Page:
Goins and others formed the Charleston-Calhoun-Hiwassee Historical Society in 2008 and opened the Hiwassee River Heritage Center in 2013 with the intent of adding an exhibit hall and education room.
“It was one room pretty much with information panels. We were able to greet people, host people, start telling the story, but it begged for more. It begged for illustrations, artifacts, more space to host groups and students. We wanted to be able to host bigger groups and share this American history with everyone,” Woody said.
She said the CCH Historical Society has raised $750,000 to expand the museum and build the National Historic Trail Experience.
“So, what is the story? The story is Charleston, Tennessee, was the military operational headquarters for the entire Cherokee Trail of Tears removal,” Woody said. “All of the orders that went to other emigration depots, went to other military installations, came from here, from Gen. Winfield Scott just over the bridge in Calhoun, Tennessee. That was America. When the treaties of 1819 (between the U.S. and CN) were signed, you could look across the river and that was America and you would be standing here (Charleston) in the Cherokee Nation. We are able to tell this story in this wonderful heritage center.”
Woody and other speakers, including former CN Tribal Councilor and National TOTA Executive Director Troy Wayne Poteete, thanked Tennessee TOTA member Shirley Lawrence for bringing the idea of telling the Cherokee story and what happened at Fort Cass to Woody.
“Her coming here and telling Melissa about this is very typical. She gets it done. We are gratified after 25 years of the (Trail of Tears) Association that these elders can look back and say, ‘golly, we really did something, we really did make something happen,’” Poteete said. “I’m very honored to be a part of this.”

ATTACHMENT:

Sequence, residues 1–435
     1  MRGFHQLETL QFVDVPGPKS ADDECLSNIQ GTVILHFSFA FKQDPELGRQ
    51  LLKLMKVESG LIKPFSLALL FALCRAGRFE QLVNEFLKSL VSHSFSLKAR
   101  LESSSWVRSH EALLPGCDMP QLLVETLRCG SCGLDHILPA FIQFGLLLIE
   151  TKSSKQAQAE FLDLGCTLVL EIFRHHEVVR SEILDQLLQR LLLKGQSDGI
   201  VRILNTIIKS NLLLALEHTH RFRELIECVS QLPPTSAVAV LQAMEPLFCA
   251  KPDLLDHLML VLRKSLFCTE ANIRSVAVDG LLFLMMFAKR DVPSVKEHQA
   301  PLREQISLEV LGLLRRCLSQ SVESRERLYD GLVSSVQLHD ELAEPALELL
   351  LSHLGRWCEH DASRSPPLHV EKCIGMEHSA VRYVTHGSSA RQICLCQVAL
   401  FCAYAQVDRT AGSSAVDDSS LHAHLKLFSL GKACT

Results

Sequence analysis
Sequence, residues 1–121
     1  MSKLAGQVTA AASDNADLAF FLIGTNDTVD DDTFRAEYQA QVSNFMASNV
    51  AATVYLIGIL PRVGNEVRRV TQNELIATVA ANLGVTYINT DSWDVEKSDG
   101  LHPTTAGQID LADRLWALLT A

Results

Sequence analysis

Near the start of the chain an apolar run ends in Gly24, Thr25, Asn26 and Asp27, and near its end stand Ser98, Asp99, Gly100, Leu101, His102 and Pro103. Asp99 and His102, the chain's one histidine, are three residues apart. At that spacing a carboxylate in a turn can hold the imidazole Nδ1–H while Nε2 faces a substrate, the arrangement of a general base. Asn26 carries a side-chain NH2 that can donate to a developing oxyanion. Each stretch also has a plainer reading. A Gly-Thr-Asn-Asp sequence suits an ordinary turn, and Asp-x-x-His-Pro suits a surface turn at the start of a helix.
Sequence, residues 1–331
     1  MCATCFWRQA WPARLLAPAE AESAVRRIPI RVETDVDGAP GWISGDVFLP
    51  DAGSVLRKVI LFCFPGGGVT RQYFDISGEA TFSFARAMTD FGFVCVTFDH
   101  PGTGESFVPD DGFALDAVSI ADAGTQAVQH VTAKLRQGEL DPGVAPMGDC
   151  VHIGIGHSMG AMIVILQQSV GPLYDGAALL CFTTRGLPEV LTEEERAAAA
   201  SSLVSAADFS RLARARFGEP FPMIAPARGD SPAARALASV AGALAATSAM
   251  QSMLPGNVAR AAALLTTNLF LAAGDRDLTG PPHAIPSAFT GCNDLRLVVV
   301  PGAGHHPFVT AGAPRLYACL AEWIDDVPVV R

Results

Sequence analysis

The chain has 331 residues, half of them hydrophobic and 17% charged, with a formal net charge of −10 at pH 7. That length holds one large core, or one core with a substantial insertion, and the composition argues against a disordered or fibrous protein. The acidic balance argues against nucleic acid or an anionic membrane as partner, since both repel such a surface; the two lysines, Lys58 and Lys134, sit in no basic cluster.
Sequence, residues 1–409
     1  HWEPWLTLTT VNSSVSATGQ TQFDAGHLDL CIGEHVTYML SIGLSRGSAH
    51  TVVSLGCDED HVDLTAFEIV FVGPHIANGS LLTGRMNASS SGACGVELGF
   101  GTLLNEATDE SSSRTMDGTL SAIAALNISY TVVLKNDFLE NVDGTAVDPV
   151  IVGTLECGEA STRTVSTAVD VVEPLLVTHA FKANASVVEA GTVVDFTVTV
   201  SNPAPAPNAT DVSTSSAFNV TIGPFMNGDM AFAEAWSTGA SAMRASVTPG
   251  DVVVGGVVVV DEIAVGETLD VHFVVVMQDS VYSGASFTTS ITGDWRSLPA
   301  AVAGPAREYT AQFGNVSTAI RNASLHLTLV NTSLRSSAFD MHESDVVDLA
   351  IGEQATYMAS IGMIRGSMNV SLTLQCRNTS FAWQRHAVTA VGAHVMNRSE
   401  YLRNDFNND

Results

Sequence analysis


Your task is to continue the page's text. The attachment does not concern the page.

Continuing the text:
He said he has “a great affinity” for Charleston and Calhoun because many Cherokee people from the area eventually settled in Webbers Falls, Oklahoma, where he lives.
The exhibit hall features information beginning with pre-Cherokee Native peoples and goes through Cherokee settlements, the federal Indian Agency, Fort Cass and the Cherokee Removal. The exhibit also examines Charleston and Calhoun’s role in the Civil War.
The National Historic Trail experience also made its debut on March 29. The trail’s first segment connects the Hiwassee River Heritage Center to the Charleston Park. The National Park Service conceived the design and funded it with a grant.
The segment is called “Voices from the Past” and features quotes about the Cherokee Removal at Fort Cass from Cherokee people, missionaries and military figures. The Middle Tennessee State University Center for Historic Preservation Team, with assistance from HRHC volunteer Laura Bryan Spann, researched and designed the signs.
“The trail sets the stage for learning more about the Trail of Tears and bringing the struggle of that time to a personal level,” Woody said. “Presenting quotes from the people affected by this difficult time in history really brings this story to life and to a relatable place for all of us as human beings.”
The trail experience and the heritage center are two components of a master plan for heritage development in Charleston and Calhoun. The trail is intended to extend beyond the Charleston Park and eventually reach the Hiwassee River at a park. There is also intent to connect with the Cleveland/Bradley Greenway as it extends toward the Hiwassee River.
“We are looking forward to offering a more detailed experience for our visitors. Our vision is to host groups – students and adults, increase our programming, continue extending the greenway and ultimately preserving this nationally significant history in our communities,” Bryan Spann said. “This expanded facility and trail will allow us to fulfill these goals.”